Largely as a result of these tax cuts, the hike in military spending and other corporate welfare, the forecast deficit in the May budget for 2016-17 is $37.1 billion and the total debt is set to rise to $567 billion.

Sound and unsound debts

Clearly it makes sense to talk in terms of good and bad or sound or unsound deficits and debts.

It is just as unsound to lend money to a gambler as it is to borrow to spend billions of dollars on killing machines. On the other hand, borrowing for such things as public transport infrastructure or investment in renewable energy could be described as sound investments.

Successive federal governments, have simultaneously run up budget deficits with tax cuts, spending on the military, etc, and then used these debts as an excuse to cut social security and defend the sale of public assets.

Clearly, the deficits and debt being run up by the Coalition government are not sound from a working class perspective.

As then treasurer Joe Hockey said in his 2014-15 budget speech: “I say to the Australian people, every dollar we spend in this Parliament comes from you.” By “Australian people” he means working people and the most disadvantaged who will be repaying the debt. It won’t be the big corporations or the rich!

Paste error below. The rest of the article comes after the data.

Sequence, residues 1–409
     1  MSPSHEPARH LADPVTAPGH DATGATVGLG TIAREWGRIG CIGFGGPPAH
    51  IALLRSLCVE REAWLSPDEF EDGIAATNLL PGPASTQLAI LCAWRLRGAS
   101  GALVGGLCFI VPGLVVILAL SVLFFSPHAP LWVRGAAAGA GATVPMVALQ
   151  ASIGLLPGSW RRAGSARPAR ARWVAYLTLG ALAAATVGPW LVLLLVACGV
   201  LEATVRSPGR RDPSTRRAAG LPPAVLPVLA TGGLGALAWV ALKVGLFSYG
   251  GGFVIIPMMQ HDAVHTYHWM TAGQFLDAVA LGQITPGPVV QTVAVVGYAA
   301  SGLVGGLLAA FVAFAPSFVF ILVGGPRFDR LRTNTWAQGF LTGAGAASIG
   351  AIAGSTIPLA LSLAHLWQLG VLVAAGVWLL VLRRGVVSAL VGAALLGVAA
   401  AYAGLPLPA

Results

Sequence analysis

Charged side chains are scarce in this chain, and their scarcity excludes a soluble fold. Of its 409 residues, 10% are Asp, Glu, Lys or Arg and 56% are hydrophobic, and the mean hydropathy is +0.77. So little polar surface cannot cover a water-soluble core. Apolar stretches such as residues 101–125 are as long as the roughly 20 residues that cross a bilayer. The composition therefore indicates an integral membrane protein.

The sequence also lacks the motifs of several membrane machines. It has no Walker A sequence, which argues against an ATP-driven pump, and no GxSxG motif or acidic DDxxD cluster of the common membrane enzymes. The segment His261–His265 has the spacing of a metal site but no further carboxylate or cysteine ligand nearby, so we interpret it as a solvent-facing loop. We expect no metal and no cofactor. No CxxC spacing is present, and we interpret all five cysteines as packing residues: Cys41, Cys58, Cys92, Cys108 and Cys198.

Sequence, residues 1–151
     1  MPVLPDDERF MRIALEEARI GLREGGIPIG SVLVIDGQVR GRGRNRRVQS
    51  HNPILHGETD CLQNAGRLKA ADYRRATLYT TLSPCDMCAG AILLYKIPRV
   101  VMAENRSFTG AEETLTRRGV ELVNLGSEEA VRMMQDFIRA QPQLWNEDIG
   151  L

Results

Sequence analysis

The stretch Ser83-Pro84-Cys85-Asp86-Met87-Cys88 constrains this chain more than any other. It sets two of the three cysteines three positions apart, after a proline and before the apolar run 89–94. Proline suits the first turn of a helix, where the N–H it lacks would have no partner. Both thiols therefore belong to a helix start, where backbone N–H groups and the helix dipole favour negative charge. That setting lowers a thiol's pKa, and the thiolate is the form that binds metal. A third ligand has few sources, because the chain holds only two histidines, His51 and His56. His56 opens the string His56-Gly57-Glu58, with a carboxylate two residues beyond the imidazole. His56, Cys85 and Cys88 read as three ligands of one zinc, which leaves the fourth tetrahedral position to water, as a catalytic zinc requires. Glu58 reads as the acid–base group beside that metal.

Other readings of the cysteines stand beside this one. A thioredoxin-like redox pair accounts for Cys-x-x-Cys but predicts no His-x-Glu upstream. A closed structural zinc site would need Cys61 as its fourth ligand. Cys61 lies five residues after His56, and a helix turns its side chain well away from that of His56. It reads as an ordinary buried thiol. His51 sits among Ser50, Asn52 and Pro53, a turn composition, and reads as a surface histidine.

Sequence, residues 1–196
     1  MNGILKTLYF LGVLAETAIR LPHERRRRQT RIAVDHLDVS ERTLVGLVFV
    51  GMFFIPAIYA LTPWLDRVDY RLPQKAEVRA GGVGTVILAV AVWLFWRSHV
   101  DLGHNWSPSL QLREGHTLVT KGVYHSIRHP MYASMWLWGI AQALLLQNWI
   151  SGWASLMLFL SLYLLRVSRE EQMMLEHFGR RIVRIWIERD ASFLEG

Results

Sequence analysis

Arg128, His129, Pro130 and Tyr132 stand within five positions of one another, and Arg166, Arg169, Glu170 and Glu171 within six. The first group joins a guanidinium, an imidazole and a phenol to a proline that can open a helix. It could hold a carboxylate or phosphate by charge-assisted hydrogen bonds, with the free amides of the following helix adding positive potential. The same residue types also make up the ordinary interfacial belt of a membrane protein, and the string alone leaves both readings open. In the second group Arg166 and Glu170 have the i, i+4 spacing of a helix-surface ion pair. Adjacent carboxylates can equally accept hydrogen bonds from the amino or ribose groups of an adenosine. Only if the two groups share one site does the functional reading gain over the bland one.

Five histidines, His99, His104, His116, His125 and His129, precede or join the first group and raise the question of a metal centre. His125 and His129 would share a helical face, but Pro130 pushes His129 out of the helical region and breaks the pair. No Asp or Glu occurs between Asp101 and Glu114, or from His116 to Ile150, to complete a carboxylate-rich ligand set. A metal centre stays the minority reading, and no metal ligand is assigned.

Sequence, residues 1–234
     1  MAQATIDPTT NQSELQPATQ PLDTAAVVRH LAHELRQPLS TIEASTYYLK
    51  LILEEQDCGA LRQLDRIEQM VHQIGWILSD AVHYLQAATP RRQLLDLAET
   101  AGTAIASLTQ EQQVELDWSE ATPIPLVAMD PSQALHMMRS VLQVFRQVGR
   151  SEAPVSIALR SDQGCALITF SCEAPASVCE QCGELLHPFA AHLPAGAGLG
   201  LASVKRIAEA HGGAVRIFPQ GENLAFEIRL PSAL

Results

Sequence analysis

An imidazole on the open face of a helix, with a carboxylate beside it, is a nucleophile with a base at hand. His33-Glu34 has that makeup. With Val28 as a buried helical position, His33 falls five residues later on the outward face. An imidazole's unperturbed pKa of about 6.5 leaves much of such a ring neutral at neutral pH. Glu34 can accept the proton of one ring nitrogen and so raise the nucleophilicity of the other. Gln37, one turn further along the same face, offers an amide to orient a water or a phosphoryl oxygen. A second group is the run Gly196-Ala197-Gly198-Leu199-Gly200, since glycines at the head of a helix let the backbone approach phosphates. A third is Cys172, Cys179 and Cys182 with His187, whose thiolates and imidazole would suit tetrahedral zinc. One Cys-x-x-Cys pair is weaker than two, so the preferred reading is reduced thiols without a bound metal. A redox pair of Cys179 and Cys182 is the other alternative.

There is another way. The Communist Party of Australia calls for a slashing of the military budget, making the big corporations pay tax on profits made in Australia and ending all the corporate hand-outs and subsidies to the fossil fuel industry and mining corporations, private hospitals through the private health insurance rebate.

This would balance the budget and put the government in a position to adequately fund public education, hospitals, transport and housing and invest in renewable energy sources.

There are many other social and economic projects and programs the government should be funding that are of benefit to the people. There is nothing criminal or unsustainable about borrowing for such purposes. Quite the contrary.

Next article – The myths of privatisation